On August 26, 1939, John E. Cule, 17, from Scranton, was in a rowboat with his two sisters when the boat was struck by a motorboat. Cule wore an iron leg brace from childhood due to infantile paralysis. One sister was unable to hold on to her brother and he drowned in 75 feet of water. Both sisters were rescued, but a score of volunteers using a large underwater searchlight, aided by a Shickshinny diver with a homemade diving suit, failed to recover Cule. The State Governor, Arthur H. James, from Plymouth, had a Chester, Pa. diver George Hughes, Jr. brought in by the State Police. A diving platform was placed in the water near the Picnic Grounds. The scene drew thousands of onlookers creating a traffic mess.

Hughes remained at the Lake, with his 70 year old father and a younger brother (also experienced divers), for several days. Finally, after 8 hours of diving on September 1, 1939, Hughes recovered Cule from heavy tangled weeds at the lake bottom. Hughes had made about 50 dives in the recovery effort. An autopsy disclosed Cule died from a fractured skull in the boat collision not from drowning.

The Cule recovery was immediately followed by the drowning of Millard “Slim” Haefele, 34, of Wilkes-Barre, when he fell from a motorboat on September 2, 1939, near Warden Place. The diver, Hughes, was returning to the Philadelphia area when he was recalled by Governor James. Hughes failed to recover Haefele despite numerous dives over several days. Again crowds lined the shore and special traffic details were handled by the police.

Warden Place Beach, near the Lakeside Inn (in the distance) about 1935. The lake bottom drops off suddenly about 30 feet from shore, making the area dangerous for swimmers and boats alike.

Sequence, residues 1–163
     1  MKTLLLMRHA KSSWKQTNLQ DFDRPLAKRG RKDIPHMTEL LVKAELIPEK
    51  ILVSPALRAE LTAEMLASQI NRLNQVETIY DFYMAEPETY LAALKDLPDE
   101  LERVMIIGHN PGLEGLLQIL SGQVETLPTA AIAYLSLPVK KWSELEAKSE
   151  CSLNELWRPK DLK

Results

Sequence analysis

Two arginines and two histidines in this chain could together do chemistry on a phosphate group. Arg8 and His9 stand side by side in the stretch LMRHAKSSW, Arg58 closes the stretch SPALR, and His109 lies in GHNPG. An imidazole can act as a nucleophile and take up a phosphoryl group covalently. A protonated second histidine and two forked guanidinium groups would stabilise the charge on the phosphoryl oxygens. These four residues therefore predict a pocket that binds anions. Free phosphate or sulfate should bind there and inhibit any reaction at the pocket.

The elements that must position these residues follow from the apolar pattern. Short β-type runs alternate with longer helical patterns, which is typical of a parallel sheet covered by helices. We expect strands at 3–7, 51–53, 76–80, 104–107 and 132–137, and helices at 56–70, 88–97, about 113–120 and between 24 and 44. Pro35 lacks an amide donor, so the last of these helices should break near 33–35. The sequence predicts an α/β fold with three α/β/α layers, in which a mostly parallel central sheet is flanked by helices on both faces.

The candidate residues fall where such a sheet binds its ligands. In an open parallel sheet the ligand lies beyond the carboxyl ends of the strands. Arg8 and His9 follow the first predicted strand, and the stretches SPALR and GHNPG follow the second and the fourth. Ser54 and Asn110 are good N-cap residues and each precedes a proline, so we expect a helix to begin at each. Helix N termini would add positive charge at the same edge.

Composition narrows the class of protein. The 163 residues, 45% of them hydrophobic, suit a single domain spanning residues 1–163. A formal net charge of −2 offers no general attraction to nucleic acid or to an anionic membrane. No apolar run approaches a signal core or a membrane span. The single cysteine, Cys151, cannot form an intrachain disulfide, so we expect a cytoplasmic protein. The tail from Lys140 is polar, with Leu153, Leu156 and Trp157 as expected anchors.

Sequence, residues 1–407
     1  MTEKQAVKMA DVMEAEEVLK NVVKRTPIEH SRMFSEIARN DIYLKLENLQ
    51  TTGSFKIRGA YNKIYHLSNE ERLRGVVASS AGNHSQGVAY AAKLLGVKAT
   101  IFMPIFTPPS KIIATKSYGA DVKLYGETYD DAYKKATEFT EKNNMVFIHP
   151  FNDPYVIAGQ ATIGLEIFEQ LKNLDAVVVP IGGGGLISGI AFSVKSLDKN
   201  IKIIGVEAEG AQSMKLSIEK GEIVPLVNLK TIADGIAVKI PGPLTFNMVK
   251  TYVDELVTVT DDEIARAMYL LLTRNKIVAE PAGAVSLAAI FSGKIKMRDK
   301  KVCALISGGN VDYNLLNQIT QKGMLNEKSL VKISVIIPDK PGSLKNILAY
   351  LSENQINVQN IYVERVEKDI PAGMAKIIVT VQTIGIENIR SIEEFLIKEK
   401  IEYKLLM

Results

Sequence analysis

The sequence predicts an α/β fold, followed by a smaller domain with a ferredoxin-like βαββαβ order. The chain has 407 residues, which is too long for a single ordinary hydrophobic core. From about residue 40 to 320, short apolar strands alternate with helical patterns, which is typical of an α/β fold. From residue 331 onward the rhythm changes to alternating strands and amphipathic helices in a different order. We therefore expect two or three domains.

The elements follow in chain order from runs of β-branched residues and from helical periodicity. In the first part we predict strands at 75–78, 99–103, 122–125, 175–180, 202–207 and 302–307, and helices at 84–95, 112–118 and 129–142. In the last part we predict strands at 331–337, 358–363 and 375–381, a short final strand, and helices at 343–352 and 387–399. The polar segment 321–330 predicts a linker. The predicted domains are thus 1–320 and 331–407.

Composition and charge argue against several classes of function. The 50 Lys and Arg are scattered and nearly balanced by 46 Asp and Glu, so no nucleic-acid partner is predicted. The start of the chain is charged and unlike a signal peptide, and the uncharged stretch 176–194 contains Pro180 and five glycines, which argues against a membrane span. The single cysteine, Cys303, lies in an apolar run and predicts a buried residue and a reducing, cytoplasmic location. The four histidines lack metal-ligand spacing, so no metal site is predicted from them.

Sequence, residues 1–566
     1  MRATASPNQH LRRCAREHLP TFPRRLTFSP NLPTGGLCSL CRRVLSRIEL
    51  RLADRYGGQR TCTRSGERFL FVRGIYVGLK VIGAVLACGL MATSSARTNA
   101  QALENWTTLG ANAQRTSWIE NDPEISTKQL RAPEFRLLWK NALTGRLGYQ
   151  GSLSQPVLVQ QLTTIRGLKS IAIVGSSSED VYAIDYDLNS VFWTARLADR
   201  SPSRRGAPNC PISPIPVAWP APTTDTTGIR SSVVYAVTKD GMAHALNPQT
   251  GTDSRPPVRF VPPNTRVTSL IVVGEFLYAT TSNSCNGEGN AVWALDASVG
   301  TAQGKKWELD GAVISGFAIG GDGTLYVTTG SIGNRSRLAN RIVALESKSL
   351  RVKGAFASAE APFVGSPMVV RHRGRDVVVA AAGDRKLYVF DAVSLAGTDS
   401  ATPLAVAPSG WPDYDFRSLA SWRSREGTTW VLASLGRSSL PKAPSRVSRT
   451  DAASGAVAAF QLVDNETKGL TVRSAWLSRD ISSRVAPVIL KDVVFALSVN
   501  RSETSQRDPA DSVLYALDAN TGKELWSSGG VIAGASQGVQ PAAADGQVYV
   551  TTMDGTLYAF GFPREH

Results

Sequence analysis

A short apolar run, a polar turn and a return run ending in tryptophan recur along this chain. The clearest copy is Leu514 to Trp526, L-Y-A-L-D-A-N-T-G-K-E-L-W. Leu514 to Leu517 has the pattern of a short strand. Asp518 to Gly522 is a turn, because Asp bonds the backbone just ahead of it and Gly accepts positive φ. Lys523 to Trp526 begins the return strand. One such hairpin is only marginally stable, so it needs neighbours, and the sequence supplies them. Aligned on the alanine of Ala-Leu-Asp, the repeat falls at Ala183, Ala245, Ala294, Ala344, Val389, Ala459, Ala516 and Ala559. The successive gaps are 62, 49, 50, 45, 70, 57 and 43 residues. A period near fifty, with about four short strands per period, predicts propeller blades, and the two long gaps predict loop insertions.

During the rescue efforts, Eugene Wahl, 30, of Wilkes-Barre, swam out to the scene. The police waved him off and as Wahl swam back to shore he disappeared under the surface. Thomas J. Donnelly, age 18, pulled the 200 pound Wahl from the lake. He was unconscious for 30 minutes until he was revived under the supervision of Dr. Benjamin S. Davis.

Finally, on September 10, 1939, Slim Haefele was recovered by grappling hooks. By this time Hughes had concluded his diving efforts. He found the 4 foot layer of mud at the bottom at Warden Place too difficult to search. Hughes performed contract work for Sun Shipbuilders in Chester. He had wide experience in ocean and fresh water. He told Police Chief Ira Stevenson, "Chief, this is the most treacherous body of water I have ever worked in." A further account appeared in the Sunday Independent, September 10, 1939:

"Mud, mud, mud, was the way Hughes described the bottom," Chief Stevenson said. "Hughes told me the mud is more than four feet deep at the bottom - probably a lot more - because Hughes on his dives carried ‘gaffe,’ which is only four feet long. Hughes told me he pushed this into the mud its entire length and it could have been pushed still deeper.
Hughes told me how he "worked blind" at the bottom because the mud raised a deep cloud as soon as the diving boots touched the bottom. He told me he had absolutely no vision.
Interesting was Chief Stevenson's disclosure that Hughes did most of his search on this hands and knees.
"Hills and dales" at the bottom of the lake were described to Stevenson by Hughes, who said he started on a decline at one point and walked downward for a distance of 30 feet, but at that point was 80 feet below the surface of the water and did not go any further because of his equipment.
Haefele's body was recovered by a crew in John Hanson's speedboat, the same boat from which the victim fell last Saturday afternoon at 1. It was noted that Haefele was recovered exactly a week from the time he was lost, less one hour.

© 2002 F. Charles Petrillo (Revised 2018)
Copyright 2006-2007 F. Charles Petrillo